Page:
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The Evolution of Madness in Roswell’s Populace, 1947-2017

Sunday, February 19, 2017 14:00
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No one doubts, not even skeptics of the Roswell incident, that something out of the ordinary happened near Roswell, New Mexico in the summer (June/July) of 1947.
I’m not going to discuss the alleged Roswell flying disc crash, but the metamorphosis of the odd media accounts of a flying disc capture that died out soon after the media stories appeared only to rear itself in 1978 when the forgotten “events” of 1947 were exhumed by ufologists, among them Stanton Friedman, a UFO advocate of daring and desire.
One of the Roswell sticking points, for me, arises from the “fact” that if something as extraordinary as the later-on stories made it – military deployment of an extensive kind and a general societal hubbub – no one noted the activity in their personal diaries, which were popular in usage in the time-frame nor did anyone take a Brownie photo of the unusual activity, noted by after 1948 “witnesses.”
Brownie cameras and photos from them are still extant for the period. Citizens were anxious to document their routine daily activities and always quick to snap photos of extraordinary daily life.
Even photos of mundane life, as early as 1870 – Jewish activity in Jerusalem [in the March/April 2017 issue of Biblical Archaeology Review, Page 13] – shows the desire of people to document their daily activity.
But not one photo has surfaced for the period of the so-called Roswell incident in 1947, and UFO researchers have looked for some, Kevin Randle informed me.
So, either nothing of significance, even remotely so, took place in June/July 1947 Roswell, or the population was too hysterical to take photos.
For me, Roswell’s 1947 “minor incident” planted the seed of hysteria that was nurtured by Berlitz, Moore, Friedman, (even my friend Kevin Randle and his cohort Don Schmitt), et al.
The seed sprouted in 1978, with the Stanton Friedman colloquy with Jesse Marcel and exacerbated by The Berlitz/Moore 1980 book pictured here:
Other books followed in the wake of the interest spurred by the Friedman and Berlitz efforts and this is where the madness began all out.
The madness is a kind of hysteria, which is defined by Wikipedia thusly:
Many of you are familiar with the madness (hysteria) that engulfed Salem, Massachusetts in the 1600s:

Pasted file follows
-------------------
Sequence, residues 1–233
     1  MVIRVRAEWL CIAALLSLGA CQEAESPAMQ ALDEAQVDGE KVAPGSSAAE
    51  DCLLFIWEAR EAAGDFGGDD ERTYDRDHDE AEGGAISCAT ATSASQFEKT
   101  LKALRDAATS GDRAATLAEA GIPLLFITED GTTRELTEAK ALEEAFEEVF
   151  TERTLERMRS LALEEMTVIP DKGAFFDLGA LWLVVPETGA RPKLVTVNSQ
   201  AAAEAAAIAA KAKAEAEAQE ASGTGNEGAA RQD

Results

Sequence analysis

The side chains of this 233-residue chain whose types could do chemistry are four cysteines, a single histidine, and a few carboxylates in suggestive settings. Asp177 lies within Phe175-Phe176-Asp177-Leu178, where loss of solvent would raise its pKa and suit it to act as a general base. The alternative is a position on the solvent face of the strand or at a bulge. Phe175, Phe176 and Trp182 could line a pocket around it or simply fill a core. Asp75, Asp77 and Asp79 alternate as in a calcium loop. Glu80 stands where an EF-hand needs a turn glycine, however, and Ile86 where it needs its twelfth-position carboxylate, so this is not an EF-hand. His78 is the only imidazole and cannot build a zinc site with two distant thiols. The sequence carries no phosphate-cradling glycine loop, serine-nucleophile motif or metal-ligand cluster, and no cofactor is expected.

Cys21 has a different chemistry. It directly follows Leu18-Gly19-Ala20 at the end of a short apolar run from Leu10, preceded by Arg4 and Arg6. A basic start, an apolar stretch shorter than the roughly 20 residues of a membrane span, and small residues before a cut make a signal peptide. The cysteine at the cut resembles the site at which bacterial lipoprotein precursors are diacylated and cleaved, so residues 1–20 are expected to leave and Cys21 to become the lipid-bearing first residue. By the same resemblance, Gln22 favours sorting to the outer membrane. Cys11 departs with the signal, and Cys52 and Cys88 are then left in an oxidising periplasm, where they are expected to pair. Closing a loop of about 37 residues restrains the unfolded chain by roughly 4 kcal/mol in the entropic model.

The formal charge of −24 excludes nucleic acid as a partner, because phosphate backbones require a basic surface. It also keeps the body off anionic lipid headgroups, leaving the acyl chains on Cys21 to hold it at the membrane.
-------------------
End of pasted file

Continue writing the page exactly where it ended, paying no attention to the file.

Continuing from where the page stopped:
“The episode is one of the Colonial America’s most notorious cases of mass hysteria. It has been used in political rhetoric and popular literature as a vivid cautionary tale about the dangers of isolationism, religious extremism, false accusations, and lapses in due process. It was not unique …”
And a few of you might know about the madness (hysteria) that took control of a nunnery in France also in the 1600s:
“Adding to the hysteria prompted by the public exorcisms were the stories told by both nuns and Father Grandier’s former lovers.”
Then there was the economic craziness of the 1637 tulip frenzy popularized in 1841 by the book Extraordinary Popular Delusions and the Madness of  Crowds, written by British journalist Charles Mackay.
Hysteria comes in spurts and quickly dissipates or goes on for a period of time as outlined in the Psychiatric Dictionary [Fourth Edition] by Hinsie/Campbell, Page 366 ff.
The raft of witnesses and confabulators outed by Kevin Randle and others shows not a deviance of ethics but a deviance of psychopathology, one where people adopted an hysterical (mad) fiction and came to believe it or exploit it, for various reasons, some egomaniacal, others from self-delusion, and a few beset by sociopathology: a lack of a moral or ethical compass.
Yet, the madness of the 1978 period continues apace in Roswell, with its Roswell Museum and ongoing conventions and other Roswellian activities based in the 1947 minor-event.
That one locale is beset by such madness is adduced by the Loudun and Salem examples.
Let’s not excoriate ufologists who brought forth the hysterical/madness – they didn’t know better — but we can offer opprobrium to those ufologists still flogging Roswell and the citizens of Roswell who continue to bathe in their town’s persistent madness.
RR – The UFO Iconoclast(s)


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